Are the beneficiaries of any single provision of the immigration law more likely to be law-breakers (but not necessarily violent ones) than the beneficiaries of other provisions?
Our government does not publish statistics on this point, but for reasons outlined below, the probable answer is that the highest proportion of lawbreakers are in the EB-5 immigrant investor program.
Now there are law-breakers in all sizable groups of human beings. In my otherwise largely honorable graduating class from Princeton, for instance, one of the 600 of us was sent to jail for the unlikely crime of being a fence for stolen railroad property; he was the president of a short-line railroad. (I am not making this up.)
Similarly, there are at least some lawbreakers in each of the various subsets of migrants: refugees, family members, skilled workers, and asylum seekers; no screening mechanism (of a college or a nation) can detect all the suspect applicants.
But some provisions of the immigration law are more likely to attract lawbreakers than others, and this is particularly true of the immigrant investor program, as it currently operates.
So how does an individual investor get 10 times that much money over its border and into the hands of the EB-5 program? How can someone get from China to here under this program without breaking at least the Chinese law? There would seem to be two different, equally unattractive alternative methods:
The individual investor, in fact, violates the law, or
The Chinese government colludes with the individual to meet some state objective.
If one uses either of these methods, one is a lawbreaker; in the first, the government defines the action as such, and in the second the government joins the conspiracy.
One of my growing collection of Chinese informants thinks that the second of the two techniques is more likely. He points out (and I am trusting his information) that China is one of those nations that has migrant exit control. If you leave the country, that country knows about it, as one of its people checks every passport of everyone leaving. If it bears the EB-5 visa, then there is a sure indicator of the departure of the $500,000
That must mean, he argues, that either a bribe changes hands or the exit-control official is acting in keeping with instructions to allow such departures; or maybe a little of each.
And of course some of the EB-5 investors — like my railroading classmate — have acquired some of their riches in an illegal manner, even before breaking the law to get the half-million out of China.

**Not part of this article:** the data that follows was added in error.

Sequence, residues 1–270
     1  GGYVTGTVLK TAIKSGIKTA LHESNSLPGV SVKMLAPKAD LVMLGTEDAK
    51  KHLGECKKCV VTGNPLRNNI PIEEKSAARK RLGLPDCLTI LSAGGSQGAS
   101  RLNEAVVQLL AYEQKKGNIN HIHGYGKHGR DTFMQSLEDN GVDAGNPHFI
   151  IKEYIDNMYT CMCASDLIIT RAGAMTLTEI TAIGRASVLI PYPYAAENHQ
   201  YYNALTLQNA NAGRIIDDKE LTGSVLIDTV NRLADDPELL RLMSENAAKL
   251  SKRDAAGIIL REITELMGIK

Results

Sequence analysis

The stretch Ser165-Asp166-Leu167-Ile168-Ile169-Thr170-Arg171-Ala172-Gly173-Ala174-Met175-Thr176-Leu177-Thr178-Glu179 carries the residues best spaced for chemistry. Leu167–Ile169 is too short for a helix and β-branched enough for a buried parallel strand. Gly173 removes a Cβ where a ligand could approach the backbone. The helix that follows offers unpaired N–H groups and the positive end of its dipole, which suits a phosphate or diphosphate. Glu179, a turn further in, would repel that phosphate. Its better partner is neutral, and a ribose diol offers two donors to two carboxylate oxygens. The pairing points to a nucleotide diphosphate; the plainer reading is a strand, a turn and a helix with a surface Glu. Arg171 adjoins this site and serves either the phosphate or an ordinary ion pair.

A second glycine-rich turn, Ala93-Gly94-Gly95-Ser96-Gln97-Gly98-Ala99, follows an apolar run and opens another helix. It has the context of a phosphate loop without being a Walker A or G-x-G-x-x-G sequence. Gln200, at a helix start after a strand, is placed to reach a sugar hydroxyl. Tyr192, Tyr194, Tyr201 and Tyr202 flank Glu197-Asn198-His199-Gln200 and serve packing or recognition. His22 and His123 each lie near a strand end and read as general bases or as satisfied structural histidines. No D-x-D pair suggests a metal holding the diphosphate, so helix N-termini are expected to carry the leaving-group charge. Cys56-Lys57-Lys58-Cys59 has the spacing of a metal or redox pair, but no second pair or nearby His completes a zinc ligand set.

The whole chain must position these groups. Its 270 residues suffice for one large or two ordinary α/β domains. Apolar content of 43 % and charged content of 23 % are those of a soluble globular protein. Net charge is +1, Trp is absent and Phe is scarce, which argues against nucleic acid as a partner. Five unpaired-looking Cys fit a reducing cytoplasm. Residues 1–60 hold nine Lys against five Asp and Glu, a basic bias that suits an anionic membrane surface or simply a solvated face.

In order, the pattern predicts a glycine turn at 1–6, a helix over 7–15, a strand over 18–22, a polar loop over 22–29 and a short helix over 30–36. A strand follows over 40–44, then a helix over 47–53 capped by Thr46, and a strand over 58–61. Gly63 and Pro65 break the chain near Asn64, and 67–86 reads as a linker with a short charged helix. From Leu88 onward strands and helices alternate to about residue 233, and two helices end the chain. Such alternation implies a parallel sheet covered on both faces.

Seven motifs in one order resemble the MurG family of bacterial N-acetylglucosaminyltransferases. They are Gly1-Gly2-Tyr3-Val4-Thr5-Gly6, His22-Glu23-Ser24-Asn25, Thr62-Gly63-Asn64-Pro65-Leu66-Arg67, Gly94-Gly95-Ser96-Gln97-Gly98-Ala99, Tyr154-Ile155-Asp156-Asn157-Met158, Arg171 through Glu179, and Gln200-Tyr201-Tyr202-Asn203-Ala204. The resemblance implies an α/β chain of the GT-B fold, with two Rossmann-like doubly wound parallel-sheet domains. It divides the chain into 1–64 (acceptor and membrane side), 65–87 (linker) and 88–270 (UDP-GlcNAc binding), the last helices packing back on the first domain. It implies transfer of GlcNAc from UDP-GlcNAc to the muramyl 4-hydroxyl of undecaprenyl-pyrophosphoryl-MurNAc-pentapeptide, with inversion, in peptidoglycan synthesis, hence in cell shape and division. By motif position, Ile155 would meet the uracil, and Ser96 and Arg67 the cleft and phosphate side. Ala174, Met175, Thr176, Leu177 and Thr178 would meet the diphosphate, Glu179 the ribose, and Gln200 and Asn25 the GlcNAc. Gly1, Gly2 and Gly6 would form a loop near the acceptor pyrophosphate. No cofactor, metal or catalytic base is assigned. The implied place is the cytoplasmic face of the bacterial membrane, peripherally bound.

I understand that prohibiting individuals from taking lots of their own money over international borders may well be a debatable policy, but that seems to be the law in China.
Perhaps we have been paying too much attention to the economic aspects of the EB-5 program, how (if the money is not stolen on the American side) it simply expands the profits of already prosperous, big-city real estate developers, and is not being used, as Congress intended, to help distressed parts of the country.
Perhaps we should be looking at EB-5 as an immigration issue, with two obvious downsides: One, it is bad public policy by definition to sell part of our birthright, to sell visas to enter the country; this is a moral issue.
The second reason to question the program is that most of the people who arrive because of it have already broken the law in their homelands. Do we want to allocate most of the 10,000 visas used annually for EB-5 to lawbreakers and their immediate relatives?
Are we not, in fact, allowing ourselves as a society to be bribed (by the investments) to facilitate the entrance, in many cases, of individual, rich lawbreakers? It sounds like a thoroughly grubby process all around.
The Center for Immigration Studies is an independent, non-partisan, non-profit research organization founded in 1985.
It is the nation's only think tank devoted exclusively to research and policy analysis of the economic, social, demographic,
fiscal, and other impacts of immigration on the United States.